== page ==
Sounds like a good problem to have is not enough too many checks to fuck and not enough space to fuck man.

John Corabi:

And it's like, okay, you know, and whatever. So we suggest I would, you know, again, I never met the guy up to that point. So, I, it's like, I can't really, I don't have a bad story to say about the guy. I would just literally sit there and they would just tell me these stories. And I'd be like, holy shit, seriously. Oh, fuck, he said that. Or he did that. Or he punched somebody or under like, good dude, you know, whatever. So I was like, Okay, great, awesome. Like, fuck, whatever. So they took a year to make sure that I wouldn't turn into you know, in their words. Another problem or another? another, another ass. So do you think

Chuck Shute:

you guys took too long? to come out with a record? You said? I mean, I think it took 14 months to make it in $2 million. And I mean, do you ever wonder what I mean? Because the record is a masterpiece. Don't get me wrong. But do you ever wonder with if maybe you would finish it sooner, maybe not produce it as heavily? Or, you know, do you think I would have made a difference? Because it seemed like time was a factor at that point. Because you know, it's like bands from the 80s were struggling as we got deeper and deeper into the 90s. Like, if that record came out in 92 or 93. Would that have even made a difference?

John Corabi:

Well, I mean, listen, for me, you got to understand I was living in a one bedroom apartment. I had recorded an album with the scream at that point. I had done some recording with angora. You know, but I get there. I get there thinking like they wanted to take their time writing the album. I get that but they You know, at the same time, I was kind of sitting there like fuck like, I mean, we did the scream album. But we did the same thing. Like at that point we were unsigned. So we had our whole lives to get up to that moment of a record deal. But we did the scream album in four and a half weeks. Five weeks. Yeah. And that was that was even working with Eddie schedule and getting, you know, whatever. So we did the record in four weeks. Then we do this motley record, and we write for a year, then we've recorded for a year. So it was two years. And then we held the record, like even though the single came out, like, you know, months later, the first single, we didn't, I think the single came out in March of 94. And then we didn't go on tour until June or July. June, I think, Okay. Um, you know, but it like, I was sitting there, like, like, I was ready to go. Yeah. And to be honest with you, the Motley record is the longest record I've ever made in my life. The screen was four and a half weeks. The Union record was literally, you know, both union records, we did it in like a month.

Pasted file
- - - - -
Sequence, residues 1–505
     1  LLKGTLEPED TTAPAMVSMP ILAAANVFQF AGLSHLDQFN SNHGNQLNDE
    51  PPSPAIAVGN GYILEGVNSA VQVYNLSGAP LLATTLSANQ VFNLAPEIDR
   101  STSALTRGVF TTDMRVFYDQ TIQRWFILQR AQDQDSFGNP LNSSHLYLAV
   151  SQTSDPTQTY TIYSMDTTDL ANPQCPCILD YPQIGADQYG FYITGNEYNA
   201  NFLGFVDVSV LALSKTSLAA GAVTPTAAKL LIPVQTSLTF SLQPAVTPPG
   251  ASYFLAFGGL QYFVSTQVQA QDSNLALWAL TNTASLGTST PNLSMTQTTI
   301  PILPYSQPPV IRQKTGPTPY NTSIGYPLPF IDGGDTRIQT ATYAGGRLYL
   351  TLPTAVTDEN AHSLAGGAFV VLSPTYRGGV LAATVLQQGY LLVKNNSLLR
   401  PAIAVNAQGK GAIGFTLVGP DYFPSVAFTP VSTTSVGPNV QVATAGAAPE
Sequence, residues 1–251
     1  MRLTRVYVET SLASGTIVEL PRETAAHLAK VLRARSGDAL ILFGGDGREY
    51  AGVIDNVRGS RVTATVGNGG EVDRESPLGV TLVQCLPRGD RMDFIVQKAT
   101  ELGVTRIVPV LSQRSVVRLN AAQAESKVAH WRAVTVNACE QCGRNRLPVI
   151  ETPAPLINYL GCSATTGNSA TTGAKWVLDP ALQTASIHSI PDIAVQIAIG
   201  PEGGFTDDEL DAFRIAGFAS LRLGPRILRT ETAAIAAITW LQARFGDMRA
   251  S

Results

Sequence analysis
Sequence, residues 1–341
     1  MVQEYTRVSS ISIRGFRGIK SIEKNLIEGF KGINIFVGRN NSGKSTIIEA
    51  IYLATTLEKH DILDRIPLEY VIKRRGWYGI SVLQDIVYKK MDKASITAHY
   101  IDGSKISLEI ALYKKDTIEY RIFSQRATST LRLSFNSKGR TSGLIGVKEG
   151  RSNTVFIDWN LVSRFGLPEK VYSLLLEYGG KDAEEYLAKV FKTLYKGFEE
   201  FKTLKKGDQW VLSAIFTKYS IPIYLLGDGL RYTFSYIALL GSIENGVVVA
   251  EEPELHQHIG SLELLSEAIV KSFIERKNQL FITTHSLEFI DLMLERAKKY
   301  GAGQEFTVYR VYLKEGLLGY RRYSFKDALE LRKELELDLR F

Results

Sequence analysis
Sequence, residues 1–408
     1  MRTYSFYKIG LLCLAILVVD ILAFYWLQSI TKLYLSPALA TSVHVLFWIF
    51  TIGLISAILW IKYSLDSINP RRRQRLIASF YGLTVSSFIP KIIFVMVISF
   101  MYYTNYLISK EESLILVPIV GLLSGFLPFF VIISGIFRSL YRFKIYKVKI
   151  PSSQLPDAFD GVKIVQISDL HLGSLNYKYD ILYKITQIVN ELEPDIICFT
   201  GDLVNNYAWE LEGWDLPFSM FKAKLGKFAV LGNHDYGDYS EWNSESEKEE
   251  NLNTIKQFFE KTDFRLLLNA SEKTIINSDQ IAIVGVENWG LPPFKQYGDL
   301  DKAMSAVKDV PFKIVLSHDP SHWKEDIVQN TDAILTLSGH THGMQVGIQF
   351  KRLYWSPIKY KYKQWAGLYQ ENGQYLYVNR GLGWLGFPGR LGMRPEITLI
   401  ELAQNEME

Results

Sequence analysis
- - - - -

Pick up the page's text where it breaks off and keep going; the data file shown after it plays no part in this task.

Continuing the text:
Chuck Shute:

That's more common, like about a month or two or three is usually more common for and

Unknown:

I mean, all the

John Corabi:

I can't think of any like my my dezeen record. My unplugged record, I wrote the songs kind of, you know, whatever. But then we literally, I recorded that unplugged record at my house in 10 days. Hmm. whole record. Yeah. And I did the live 94 was obviously one show, right? All the dead daisies records were never longer than a month. So that was the that was the odd odd man out.